Wanting Awe by Sherry Antonetti

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antonetti_sherryMass two days after Christmas feels like too much church for some of my crew. As usual, my husband and I opted for the divide and conquere approach, with him and one of my older daughters sitting in the back with the youngest two.  That left me with the other six.  Just after the homily, my darling 4 year old grew weary of sitting and stood up. This was fine, as she still barely tops the pew. But when her older brother moved in on her place in the row, she said quite loudly, “That’s my spot. HE TOOK MY SPOT..”

Thank goodness for my other son, who very deftly explained, “He didn’t take your spot. He took mine and I took his.” Pew Tetris isn’t for the faint of heart. The dynamics of place settings rival a state dinner or an analytic question on the GRE.  She then asked in a loud voice, “Am I being good enough to get donuts?”

Again, I felt as if I was taking a standardized test.  If I said yes, she would view every subsequent action she took as mitigated by that admission against interest. If I said no, I would  hear heart wrenching caterwauls from the same person for the rest of mass. “We’ll see.” was the weak response I mumbled to put her off for a while.  D: None of the above.

Midway through the liturgy, I got an urgent memo: “I’m tired.” from one who should know better. Another daughter whispered “When is this over?” during the song for the offeratory. Fortunately, the primary clock watcher couldn’t actually tell time so I said, we’re more than half way through the mass and that satisfied.

I don’t know if other parents use the responses of the laity in the mass as editorial comments but it seems God understood we would need to occasionally talk in code to our children, to mentally cuff their noses while everything appears perfectly orderly.

“LEAD US NOT INTO TEMPTATION.” “PEACE be with you.” and “Lord have MERCY.” often get special emphasis in our family, such that some of our kids think you are supposed to raise your volume at that point in the prayer. I do not know the lady behind me, but she was overcome with a fit of giggles because of all the double meanings being conveyed through everyday responses.

Still, it’s hard to get too frustrated with these people who don’t quite know how to be present at mass because I too sit there distracted as I try to direct one to wait until after to go to the bathroom, another not to play with the kneelers and a third that he has no excuse for me not hearing his voice when 1) he can read 2) he has the loudest voice at home and anywhere else and 3)I can see his lips moving but no sound is issuing forth.  I too was not fully present, trying to remember our envelope number and scribble a check during the song, making sure we have all 22 gloves and 11 coats and my purse. We came back from communion and I kept searching the aisles, looking at all the faces, wanting to see in them what I knew they could not find when they saw me.  The distraction from the moment was not limited to my family.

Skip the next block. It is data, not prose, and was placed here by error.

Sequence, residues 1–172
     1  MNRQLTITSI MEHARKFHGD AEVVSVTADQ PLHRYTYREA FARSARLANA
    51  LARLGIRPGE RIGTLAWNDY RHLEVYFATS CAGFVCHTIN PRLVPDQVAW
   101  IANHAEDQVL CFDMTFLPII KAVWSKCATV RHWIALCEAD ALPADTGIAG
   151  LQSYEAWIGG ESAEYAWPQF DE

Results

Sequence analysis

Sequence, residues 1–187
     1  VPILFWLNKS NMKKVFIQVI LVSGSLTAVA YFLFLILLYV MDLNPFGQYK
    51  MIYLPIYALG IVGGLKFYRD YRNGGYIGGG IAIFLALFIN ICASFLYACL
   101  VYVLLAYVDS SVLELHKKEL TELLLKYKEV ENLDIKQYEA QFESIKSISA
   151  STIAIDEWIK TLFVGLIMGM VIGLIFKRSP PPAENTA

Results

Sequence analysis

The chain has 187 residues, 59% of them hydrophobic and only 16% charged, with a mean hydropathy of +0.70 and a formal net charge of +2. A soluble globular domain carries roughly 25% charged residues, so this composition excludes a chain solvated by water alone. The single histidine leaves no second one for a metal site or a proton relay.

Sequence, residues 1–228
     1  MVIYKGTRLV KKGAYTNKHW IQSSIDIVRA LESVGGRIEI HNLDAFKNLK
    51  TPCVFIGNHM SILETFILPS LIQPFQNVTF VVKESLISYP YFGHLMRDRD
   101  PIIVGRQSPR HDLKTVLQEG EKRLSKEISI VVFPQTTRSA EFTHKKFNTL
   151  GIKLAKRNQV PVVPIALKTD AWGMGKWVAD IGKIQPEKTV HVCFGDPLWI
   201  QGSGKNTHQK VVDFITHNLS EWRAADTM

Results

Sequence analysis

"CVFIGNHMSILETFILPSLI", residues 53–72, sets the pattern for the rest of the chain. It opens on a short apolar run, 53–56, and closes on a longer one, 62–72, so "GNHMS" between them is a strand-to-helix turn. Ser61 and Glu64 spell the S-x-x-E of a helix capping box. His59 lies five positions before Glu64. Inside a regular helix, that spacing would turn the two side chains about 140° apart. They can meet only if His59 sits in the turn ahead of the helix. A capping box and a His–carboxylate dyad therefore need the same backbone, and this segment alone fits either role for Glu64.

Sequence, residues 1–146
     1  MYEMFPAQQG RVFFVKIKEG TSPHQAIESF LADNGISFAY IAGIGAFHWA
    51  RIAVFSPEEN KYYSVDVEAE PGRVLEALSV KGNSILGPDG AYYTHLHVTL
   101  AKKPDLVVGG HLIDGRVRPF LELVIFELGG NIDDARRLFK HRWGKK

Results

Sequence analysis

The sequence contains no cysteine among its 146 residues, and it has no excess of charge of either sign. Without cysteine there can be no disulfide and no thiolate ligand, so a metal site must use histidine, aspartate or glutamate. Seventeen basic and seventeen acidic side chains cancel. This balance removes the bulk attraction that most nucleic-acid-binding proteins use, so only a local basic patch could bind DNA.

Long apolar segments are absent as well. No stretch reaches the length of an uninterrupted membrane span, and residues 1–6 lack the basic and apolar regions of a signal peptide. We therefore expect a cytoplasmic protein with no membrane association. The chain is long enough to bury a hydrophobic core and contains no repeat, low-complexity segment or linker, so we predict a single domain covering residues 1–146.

Here we were, two days from Christmas. We had just received communion. We ought to be lighter, brighter for the gift of the Eucharist. We ought to not be bothered by the coughing in the front or the music coming in late or the occasional opening of the Church doors in the back. We ought to be mirrors of the star that lit that night so long ago. We ought to be awash in light for others. Yet everyone looked worn and tired.

So when my four year old clapped her hands loudly for the priest who finished the announcements, I felt grateful for the reminder via my daughter of how we are to regard this gift of the liturgy, of celebrating the mass and having it mean what it means. For a moment, she revealed how all of this was to be understood and was in rapt attention in a way most of us would have to work to find within ourselves. We want to be in awe of God.  We need the star and the Angels and the bells and the color and the light and the word and the food and the weekly reminders to cut through our distractedness.  We cannot as creatures, bear in our hearts and minds the reality of God well or long because of our weakness.  Our original sin and all our foibles have the near endless capacity to divert us from what is truely important.  We lapse easily into sleep like the apostles when God is closest.  We have to deliberately chose to hold onto that intimate moment with Christ, like Mary holding her baby.  For a moment, I could feel that singular closeness and the world fell away.

Then we went back to, “That’s my spot.” and I was reminded of why we say, “Lord, we are not worthy to receive you.” Thankfully, He says the word and all is healed.

Merry Christmas!

Copyright 2009 Sherry Antonetti

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About Author

Sherry Antonetti is a mother of ten children, published author of The Book of Helen and a freelance writer of humor and family life columns. You can read additional pieces from her blog, http://sherryantonettiwrites.blogspot.com.

2 Comments

  1. I am right there with you Sherry, though my two children are a little older, they still request bathroom breaks, find my jewelry fascinating and/or start spinning their heads around during the mass. Often, to my chagrin, the time it is most spiritual for me is when I can attend mass alone during the week, which doesn’t happen very often. But I also know that time is short and all of their little antics are probably amusing to out loving Jesus, who sees us in the same way we see our children: short of attention, distracted and trying to rush off instead of trying to enjoy exactly where we are right now. Where He has put us. Thank you for a lovely column. Blessings for a beautiful Christmas and Joy in the New Year. God bless.

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